The Delhi High Court reiterated the RP Mehra Block will not be open for public use without a completion certificate © BCCI
The Delhi High Court has refused to permit the contentious RP Mehra Block of the Feroz Shah Kotla ground to be used for the first semi-finals of the World Twenty20, on March 30. This puts a question mark over the match venue, and officials of the Delhi & District Cricket Association (DDCA) are due to meet the ICC on Wednesday to try and resolve the issue.
On Monday the DDCA approached the court with a petition seeking to open the stand, in an attempt to avoid the semi-final being shifted to an alternate venue if the issue related to the Mehra Block was not resolved.
Ravinder Manchanda, the DDCA treasurer, meanwhile said that the DDCA had sent a letter to Justice (retired) Mukul Mudgal, appointed as the observer by the court for the World T20 matches in Delhi, assuring him the safety of the Mehra Block. “We have withdrawn the petition. We have given an undertaking to the Justice Mudgal as far as safety of the structure is concerned, and the safety and security of the spectators is concerned. Justice Mudgal would do the needful now,” Manchanda told ESPNcricinfo.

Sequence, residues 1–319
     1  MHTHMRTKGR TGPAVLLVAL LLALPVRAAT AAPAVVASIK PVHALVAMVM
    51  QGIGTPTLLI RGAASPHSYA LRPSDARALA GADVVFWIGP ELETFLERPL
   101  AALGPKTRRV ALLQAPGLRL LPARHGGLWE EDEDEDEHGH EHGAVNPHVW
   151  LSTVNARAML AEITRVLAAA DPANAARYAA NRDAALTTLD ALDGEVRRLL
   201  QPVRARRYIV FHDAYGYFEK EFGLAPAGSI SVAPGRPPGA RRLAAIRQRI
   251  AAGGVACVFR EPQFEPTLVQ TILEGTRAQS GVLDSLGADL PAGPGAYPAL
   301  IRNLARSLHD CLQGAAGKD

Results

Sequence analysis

The court had, in an earlier oral order, said that the Mehra Block would remain an unauthorised structure until the DDCA had got the clearance from the South Delhi Municipal Corporation (SDMC). On Tuesday, the court reiterated that stand when it told DDCA that it would not open the Block for public use unless the SDMC granted the completion certificate.
The court also reminded the DDCA counsels that Justice Mudgal was not there to give clearances, and it was the SDMC approval that the court wanted to see. “We can’t grant use of any building without completion certificate,” a two-judge division bench of the High Court told the DDCA counsel. Duly the DDCA withdrew its petition.
According to a key official involved with the conduct of matches in Delhi, Justice Mudgal is highly unlikely to change his stance on the Mehra Block. “Since it [Mehra Block] is not an authorised structure, Mudgal has not permitted anyone else except the media. And that, too, because the angle of the cameras cannot change. The stand is right behind the bowler’s arm,” the official said.
The official also clarified that Mudgal had not raised any issue with respect to hoardings in front of the Mehra block as certain media reports indicated. “He only said no person would be allowed there except for media,” the official said. It is understood that Mudgal made his stand clear to ICC chief executive Dave Richardson recently.
Nagraj Gollapudi is an assistant editor at ESPNcricinfo
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Source: ESPN Crickinfo